Behind the Stripes: How to Become an Intramural Referee at Marist

In a basketball game, it’s normal for things to get heated and intense. It’s a physical game filled with fouls that, at times, can be controversial to those playing and watching.

When those situations occur, it’s up to the referees to break up any skirmishes on the court. These situations aren’t limited to the professional level either, as intramural games at Marist see the same sort of action. But the referees handling those situations may be different than what one would expect. 

The Marist intramural referees are all students who are brought in as a part of Marist’s work-study program. So, when they step in to break up an altercation or to call penalties, whether it be in basketball or any other intramural sport, they are essentially standing up to their peers. This is a talent that Julie Byron, who runs intramurals, greatly cherishes. 

“That’s always my final interview question is, how do you manage conflict,” said Byron. “It really is hard. Another challenging piece for my staff this whole year has been masks. It’s difficult for peers to self-police themselves and say, ‘hey you need to be wearing your masks when you’re participating.’ It’s definitely hard.”

To find the perfect candidates for this role, Byron reaches out to students in several different ways. The most common one is by making a post on Marist’s FoxQuest website, which is a site that allows students to apply for internships and jobs. She also sets up a table at the Marist job fairs, where students can sign up to be interviewed for a position. Also, lots of students take initiative to reach out themselves.

“A lot of it is friends are on staff and they reach out to their friends,” said Byron. “And by the nature of where my office is in McCann, I get a lot of transient stop-ins who are looking.”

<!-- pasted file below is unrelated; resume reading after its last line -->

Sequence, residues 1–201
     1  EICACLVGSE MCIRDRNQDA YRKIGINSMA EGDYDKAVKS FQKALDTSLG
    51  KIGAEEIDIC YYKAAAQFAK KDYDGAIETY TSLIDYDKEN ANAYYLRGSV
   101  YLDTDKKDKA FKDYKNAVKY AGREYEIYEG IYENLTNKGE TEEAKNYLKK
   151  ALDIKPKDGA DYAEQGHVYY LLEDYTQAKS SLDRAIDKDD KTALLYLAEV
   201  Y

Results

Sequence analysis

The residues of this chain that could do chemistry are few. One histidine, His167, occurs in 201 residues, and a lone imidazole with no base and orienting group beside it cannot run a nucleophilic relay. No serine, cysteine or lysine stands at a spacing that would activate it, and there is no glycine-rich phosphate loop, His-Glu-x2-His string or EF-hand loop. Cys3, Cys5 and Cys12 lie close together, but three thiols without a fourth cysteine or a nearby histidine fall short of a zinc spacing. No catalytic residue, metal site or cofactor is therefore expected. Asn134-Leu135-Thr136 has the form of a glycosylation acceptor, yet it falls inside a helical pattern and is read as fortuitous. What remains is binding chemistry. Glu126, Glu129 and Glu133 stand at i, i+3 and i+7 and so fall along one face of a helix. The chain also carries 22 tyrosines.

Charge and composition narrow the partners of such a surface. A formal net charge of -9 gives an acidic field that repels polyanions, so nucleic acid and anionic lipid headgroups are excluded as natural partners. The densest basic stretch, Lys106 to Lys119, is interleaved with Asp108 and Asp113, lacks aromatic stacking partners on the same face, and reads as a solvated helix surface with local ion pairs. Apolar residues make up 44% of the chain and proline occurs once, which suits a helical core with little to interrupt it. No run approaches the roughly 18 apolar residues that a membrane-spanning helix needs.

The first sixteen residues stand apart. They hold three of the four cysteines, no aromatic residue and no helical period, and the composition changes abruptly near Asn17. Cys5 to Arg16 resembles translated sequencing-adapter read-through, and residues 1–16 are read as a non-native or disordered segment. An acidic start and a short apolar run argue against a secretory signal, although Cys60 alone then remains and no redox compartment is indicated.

Once Byron gets enough student interest, the interview process can begin. 

“I usually do a typical interview with them,” said Byron. “I do need a little bit of sports experience. I look at if they have worked at a summer camp, have they coached youth sports, have you worked at the YMCA. If they have that experience, it certainly puts them a step above.”

Of course, it’s impossible for every incoming referee to have complete knowledge of all the rules in every sport. That’s no problem. Byron, as well as the experienced referees, help the new recruits learn the ropes. 

Marist junior and current referee Anna Conaghan experienced this when she first began refereeing games. 

“I didn’t know volleyball at first,” said Conaghan. “My first volleyball shift I just kind of walked up to one of my coworkers and I was like, ‘What are the rules?’ They explained it well and I was able to ref.”

Now, Conaghan is one of Byron’s best and most trusted referees. Lansing Miller is as well, and he has been since he started working as a referee in his sophomore year. 

Miller originally connected with intramurals by playing some intramural sports in his freshman year. There, he became close with the referees that were managing the games he played in. Eventually, those friends introduced him to the possibility of becoming a referee himself. When Byron took over as head of intramurals the following semester, Miller felt as though it was the perfect time to try being a ref himself. He’s never regretted that decision. 

“It’s a job, but it’s also a little bit of a hobby,” said Miller. “There is a really good group of coworkers, which makes it really fun. Especially indoors and outdoors, you meet a lot of new people. You see a lot of new people around campus. I think, overall, it’s been a great experience.”

Byron, as well as her referees, are excited for the spring semester ahead, which will feature plenty of old and new intramural sports. For students looking to participate in intramurals or for those looking to get a better understanding of the program, check the Marist page of the IMLeagues website.

Just remember, refs are people too.

Edited by Bridget Reilly and

Photo Credit: Connor Kurpat

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